The media has made a pretty big deal about how the Diamondbacks have gone 1-10 since the Grimsley bombshell exploded. Good point, but has anyone mentioned that the club was 0-6 during the six days that Ortiz was on the active roster this month? Or that Arizona's one win during this stretch has come from the arm of stud rookie Enrique Gonzalez, Russ Ortiz' effective replacement?
Yes, Ortiz really is that bad. His departure would be worth several wins if he were replaced by a below-average pitcher. But he's being replaced by exciting young arms developed within the organization. Their presence means even a bigger net gain for the club in terms of wins, and does not add to the net loss financially the way a proper trade for a veteran pitcher would.
This brings to mind the first of three misconceptions about this maneuver. Everyone's saying how releasing Ortiz financially cripples the team. Um, no. The Diamondbacks have to pay Ortiz $22 million over the next two-and-a-half years whether they keep him or not. The Diamondbacks are simply a worse team when Ortiz pitches (1-5). What crippled them financially was signing him to that ludicrous contract in the first place.
Oh, but hindsight is always 20-20," you say. "Ortiz had a career record of 103-60 when Arizona signed him. How could anyone have known that he'd go 5-16 with the Diamondbacks?" That's misconception #2. Anyone with a modicum of baseball knowledge could see that Ortiz' signing would bring disaster upon the organization for years to come.
Russ Ortiz has finished among the top 5 in the NL in bases on balls in each of the six seasons that he has made more than 30 starts. His 214 walks allowed between 2003 and 2004 led all of baseball during that span. That sort of thing might be passable if he could strike batters out like Randy Johnson or induce ground balls like Brandon Webb. But his strikeout rates are pedestrian, and he's neutral as far as GB/FB ratio goes.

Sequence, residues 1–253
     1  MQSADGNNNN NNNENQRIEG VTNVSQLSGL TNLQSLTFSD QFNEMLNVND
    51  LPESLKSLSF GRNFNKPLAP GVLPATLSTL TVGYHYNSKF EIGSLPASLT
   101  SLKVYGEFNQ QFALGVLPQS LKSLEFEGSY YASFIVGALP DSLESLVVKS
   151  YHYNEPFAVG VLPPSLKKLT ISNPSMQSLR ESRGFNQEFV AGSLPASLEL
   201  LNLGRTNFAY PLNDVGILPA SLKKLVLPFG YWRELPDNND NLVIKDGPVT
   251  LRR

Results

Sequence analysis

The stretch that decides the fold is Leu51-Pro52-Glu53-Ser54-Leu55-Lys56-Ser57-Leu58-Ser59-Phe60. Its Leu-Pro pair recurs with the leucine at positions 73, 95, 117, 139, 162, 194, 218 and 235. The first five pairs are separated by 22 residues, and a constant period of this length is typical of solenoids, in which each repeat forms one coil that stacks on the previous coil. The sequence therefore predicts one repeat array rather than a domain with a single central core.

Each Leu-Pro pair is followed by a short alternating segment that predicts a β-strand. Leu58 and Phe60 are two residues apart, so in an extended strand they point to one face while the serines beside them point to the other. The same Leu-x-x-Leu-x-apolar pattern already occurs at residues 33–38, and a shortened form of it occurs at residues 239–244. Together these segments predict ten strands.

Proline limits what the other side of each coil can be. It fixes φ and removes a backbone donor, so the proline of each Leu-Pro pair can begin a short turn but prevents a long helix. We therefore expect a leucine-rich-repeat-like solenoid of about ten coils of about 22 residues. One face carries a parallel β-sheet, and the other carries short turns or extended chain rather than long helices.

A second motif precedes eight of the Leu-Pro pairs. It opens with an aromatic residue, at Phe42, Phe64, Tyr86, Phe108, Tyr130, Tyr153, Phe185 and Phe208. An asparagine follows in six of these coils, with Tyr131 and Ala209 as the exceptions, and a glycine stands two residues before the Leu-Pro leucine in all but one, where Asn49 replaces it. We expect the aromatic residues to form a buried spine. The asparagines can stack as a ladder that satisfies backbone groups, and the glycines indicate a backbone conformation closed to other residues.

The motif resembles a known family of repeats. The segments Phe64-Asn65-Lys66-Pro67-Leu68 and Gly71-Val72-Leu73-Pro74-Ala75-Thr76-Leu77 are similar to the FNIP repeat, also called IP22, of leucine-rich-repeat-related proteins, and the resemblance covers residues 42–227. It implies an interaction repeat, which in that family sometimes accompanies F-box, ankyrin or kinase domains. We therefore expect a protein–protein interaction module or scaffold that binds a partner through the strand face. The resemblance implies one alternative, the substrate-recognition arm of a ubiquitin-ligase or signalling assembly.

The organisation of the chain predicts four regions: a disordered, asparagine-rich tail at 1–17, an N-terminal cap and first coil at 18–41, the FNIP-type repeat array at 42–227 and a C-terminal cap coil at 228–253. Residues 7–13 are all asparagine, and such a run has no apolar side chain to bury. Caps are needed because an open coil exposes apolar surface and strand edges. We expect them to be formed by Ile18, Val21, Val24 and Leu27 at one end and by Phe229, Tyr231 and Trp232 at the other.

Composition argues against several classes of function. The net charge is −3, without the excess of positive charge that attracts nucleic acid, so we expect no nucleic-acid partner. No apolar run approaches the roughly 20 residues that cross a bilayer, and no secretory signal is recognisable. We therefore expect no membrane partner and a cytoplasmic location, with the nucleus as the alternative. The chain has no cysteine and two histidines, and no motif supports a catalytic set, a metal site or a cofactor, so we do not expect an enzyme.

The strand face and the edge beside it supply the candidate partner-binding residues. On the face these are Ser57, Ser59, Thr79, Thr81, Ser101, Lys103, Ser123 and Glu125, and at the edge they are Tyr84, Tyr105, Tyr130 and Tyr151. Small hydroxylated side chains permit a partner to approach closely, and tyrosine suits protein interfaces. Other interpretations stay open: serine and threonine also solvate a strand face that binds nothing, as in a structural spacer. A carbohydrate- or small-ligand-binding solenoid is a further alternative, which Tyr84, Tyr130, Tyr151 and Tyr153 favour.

So why was he successful for those two seasons in Atlanta? Well, he won games because he played for a team with a very good offense and a fantastic bullpen that rarely let a lead get away (remember Smoltz as a closer?). He put up respectable Earned Run Averages because he played in a pitcher's park and had Rafael Furcal and Andruw Jones gobbling up the many balls he allowed to be put into play. In fact, his park-adjusted ERA was just 4% better than the league's average in 2004.
In Arizona, he played with a solid, yet unspectacular defense behind him, and in one of the better hitter's parks in all of baseball. I'll admit, I didn't expect his Diamondbacks ERA to finish at seven (that's right, 7.00 even), but his failure in itself was hardly a shock.
Misconception #3: GM Josh Byrnes owned up to the organization's mistake by cutting Russ loose. He did no such thing! Owning up to a mistake can be seen in Twins GM Terry Ryan releasing ex-Diamondback Tony Batista six months after taking a chance on him. It was a gamble, it didn't work out, and Ryan moved on.
Josh Byrnes had nothing to do with the Russ Ortiz signing, and hasn't done anything with the club to indicate that he would pull such an ill-conceived stunt. If anything, Russ' release separates Byrnes from the organization; it shows that Byrnes is above the free-spending shenanigans that current managing general partner Ken Kendrick displayed in signing Ortiz himself (one day after he signed Troy Glaus to a huge deal despite having a young, capable Chad Tracy already installed at third base). Most general managers don't fix their own mistakes, as they're usually fired before they get a chance to do so. Byrnes has been charged with the difficult task of rebuilding a franchise that had lost more games between 2004-2005 than any team except the Royals. He's simply trying to clean the slate and do things his way.
With these misconceptions having been addressed, major kudos goes to Josh Byrnes. I picked the Diamondbacks to finish last in the NL West this year due mostly to the fact that Russ Ortiz was on the team, and the supposition that there was no way that the club would unprecedentedly give up on a player with so much money still owed on his contract. Byrnes proved me dead wrong, and I'm totally fine with that. I would rather my preseason predictions look silly than suffer through another of the walk-filled nightmares that Ortiz calls "starts."
Read more from Keith Glab at www.baseballevolution.com.